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Final project challenges students to make peace


Michelle Lee gives a presentation during Professor George Catalano's class.
George Catalano, professor of mechanical engineering and director of the Binghamton Scholars Program, wants students to leave his classroom more socially aware, possibly having made the world a more peaceful place.

Each semester, he challenges his students to complete a project that brings peace into the world. Engineering students are required to somehow use their skills. The 25 students in this semester’s Binghamton Scholars class – titled Peace: A Historical Perspective – found the assignment quite open-ended.

During final presentations last week, students discussed projects ranging from helping flood victims to volunteering at a soup kitchen.

“If they can just be a little bit more reflective, I’m happy,” Catalano said. “I really just want them to be more conscious of the world in which they live and see that good health and good educational opportunities aren’t guaranteed. It’s nice to reflect on the gifts we’re given.”

Lewis Levenberg and a friend organized a screening of the film Live and Become followed by a discussion with members of the Black Student Union, Binghamton Association of Mixed Students, InterVarsity Christian Fellowship and Hillel. The movie follows a Sudanese boy who is airlifted to Israel with Ethiopian Jews during Operation Solomon.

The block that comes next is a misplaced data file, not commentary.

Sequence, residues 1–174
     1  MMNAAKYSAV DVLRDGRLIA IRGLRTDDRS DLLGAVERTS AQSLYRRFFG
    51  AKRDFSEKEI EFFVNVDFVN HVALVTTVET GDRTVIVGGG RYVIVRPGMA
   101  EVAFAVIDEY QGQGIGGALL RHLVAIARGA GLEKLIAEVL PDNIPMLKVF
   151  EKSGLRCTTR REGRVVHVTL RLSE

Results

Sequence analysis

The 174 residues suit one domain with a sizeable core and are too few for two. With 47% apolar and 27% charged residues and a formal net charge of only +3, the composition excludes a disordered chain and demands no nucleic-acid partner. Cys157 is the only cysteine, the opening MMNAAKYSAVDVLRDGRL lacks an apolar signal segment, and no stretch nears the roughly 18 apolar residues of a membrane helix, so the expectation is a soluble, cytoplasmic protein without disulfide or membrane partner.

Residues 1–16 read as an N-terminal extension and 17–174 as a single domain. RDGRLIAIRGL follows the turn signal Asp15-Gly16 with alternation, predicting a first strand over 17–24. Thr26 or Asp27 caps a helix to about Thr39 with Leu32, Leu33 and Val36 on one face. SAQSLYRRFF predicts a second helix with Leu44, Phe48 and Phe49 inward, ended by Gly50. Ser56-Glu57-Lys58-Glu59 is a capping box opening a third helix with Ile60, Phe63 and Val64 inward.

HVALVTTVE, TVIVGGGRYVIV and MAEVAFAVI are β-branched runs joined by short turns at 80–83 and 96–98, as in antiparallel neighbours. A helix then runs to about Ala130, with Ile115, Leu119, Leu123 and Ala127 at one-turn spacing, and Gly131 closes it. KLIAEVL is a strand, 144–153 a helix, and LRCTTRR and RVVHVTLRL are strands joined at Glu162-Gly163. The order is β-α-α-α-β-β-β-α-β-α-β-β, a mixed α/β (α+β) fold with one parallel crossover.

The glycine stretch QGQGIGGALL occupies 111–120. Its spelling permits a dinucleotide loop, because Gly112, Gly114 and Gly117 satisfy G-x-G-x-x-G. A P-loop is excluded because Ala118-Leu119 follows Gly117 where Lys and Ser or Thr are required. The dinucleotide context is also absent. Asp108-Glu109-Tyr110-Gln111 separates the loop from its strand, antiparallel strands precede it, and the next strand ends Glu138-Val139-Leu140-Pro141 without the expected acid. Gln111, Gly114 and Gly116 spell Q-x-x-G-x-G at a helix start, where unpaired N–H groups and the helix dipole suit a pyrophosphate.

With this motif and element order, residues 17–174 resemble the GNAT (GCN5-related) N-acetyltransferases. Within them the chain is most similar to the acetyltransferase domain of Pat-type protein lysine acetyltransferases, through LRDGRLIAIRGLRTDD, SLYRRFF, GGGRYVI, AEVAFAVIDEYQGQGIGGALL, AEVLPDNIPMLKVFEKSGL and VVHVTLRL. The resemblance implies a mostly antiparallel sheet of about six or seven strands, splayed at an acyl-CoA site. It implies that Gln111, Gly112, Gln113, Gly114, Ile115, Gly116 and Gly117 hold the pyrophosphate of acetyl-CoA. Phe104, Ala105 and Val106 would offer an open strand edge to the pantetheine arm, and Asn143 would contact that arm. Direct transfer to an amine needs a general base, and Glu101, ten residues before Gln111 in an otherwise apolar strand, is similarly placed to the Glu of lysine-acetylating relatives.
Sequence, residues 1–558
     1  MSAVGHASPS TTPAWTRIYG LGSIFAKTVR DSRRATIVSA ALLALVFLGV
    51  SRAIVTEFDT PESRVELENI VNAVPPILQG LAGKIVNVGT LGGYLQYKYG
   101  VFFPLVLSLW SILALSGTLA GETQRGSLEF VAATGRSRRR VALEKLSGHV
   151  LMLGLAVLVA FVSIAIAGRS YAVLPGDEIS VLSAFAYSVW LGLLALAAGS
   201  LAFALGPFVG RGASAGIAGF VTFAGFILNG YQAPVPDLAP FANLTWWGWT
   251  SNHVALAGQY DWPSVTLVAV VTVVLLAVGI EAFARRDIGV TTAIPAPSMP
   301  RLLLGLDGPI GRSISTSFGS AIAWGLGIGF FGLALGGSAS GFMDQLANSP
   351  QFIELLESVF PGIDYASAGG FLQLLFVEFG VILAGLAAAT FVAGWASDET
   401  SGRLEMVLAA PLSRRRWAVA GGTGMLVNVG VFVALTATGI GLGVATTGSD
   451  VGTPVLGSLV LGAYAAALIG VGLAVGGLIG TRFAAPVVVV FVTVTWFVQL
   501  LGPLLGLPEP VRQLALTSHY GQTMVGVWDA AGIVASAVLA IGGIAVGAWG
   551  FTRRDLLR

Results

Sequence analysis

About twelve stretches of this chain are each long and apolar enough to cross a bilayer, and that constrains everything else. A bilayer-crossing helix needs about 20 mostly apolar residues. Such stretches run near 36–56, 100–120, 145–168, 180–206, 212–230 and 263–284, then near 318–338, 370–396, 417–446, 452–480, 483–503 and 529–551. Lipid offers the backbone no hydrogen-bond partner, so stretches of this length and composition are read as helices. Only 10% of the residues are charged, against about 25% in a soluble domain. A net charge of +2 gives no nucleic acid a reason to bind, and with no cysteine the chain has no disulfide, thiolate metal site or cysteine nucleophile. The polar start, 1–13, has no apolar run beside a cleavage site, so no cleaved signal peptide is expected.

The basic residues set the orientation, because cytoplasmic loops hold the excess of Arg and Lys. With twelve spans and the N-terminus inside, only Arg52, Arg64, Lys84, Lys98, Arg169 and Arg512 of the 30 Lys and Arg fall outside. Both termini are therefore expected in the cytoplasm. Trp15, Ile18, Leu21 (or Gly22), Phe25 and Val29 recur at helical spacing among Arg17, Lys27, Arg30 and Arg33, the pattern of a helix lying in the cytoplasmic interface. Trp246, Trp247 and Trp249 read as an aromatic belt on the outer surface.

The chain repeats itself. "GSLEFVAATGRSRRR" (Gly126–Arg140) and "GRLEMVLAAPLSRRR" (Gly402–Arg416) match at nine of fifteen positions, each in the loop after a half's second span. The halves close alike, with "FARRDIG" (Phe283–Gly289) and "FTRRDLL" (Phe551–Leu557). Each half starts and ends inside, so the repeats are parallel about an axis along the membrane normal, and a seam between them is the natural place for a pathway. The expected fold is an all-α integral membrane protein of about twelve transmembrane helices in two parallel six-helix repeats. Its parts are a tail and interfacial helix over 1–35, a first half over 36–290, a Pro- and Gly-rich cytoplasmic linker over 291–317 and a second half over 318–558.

Michelle K. Lee also brought an international perspective to the assignment.

She’s the co-coordinator of a campus chapter of Liberty in North Korea, or LiNK, which focuses on human rights. The group organized a weeklong public awareness campaign featuring posters, tabling and a “drop-dead stunt” similar to ones seen in television advertisements for the anti-smoking group Truth.

LiNK collected $310 for a group that helps North Korean refugees, she said.

Freshman Brittany Erdman said she used what she learned in the course about conflict resolution, reflective listening and speaking in turn to promote peace among her warring suitemates.

“We were having difficulty adjusting,” she said. “There was lots of fighting and bickering.” The assignment, Erdman said, “improved my relationships with my roommates but it also taught me about mediation.”

Catalano has been assigning such projects since 1990.

“They’re usually a whole spectrum, from wanting to make peace with family members to those that are more like forming a chapter of Amnesty International,” he said.

While most students initially hate the idea of the project, Catalano said many later tell him it was one of the most worthwhile assignments they received during college.

“It’s probably the most important thing I do as a teacher,” he said. “It’s much more important than equations and that sort of stuff.”
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Last Updated: 10/14/08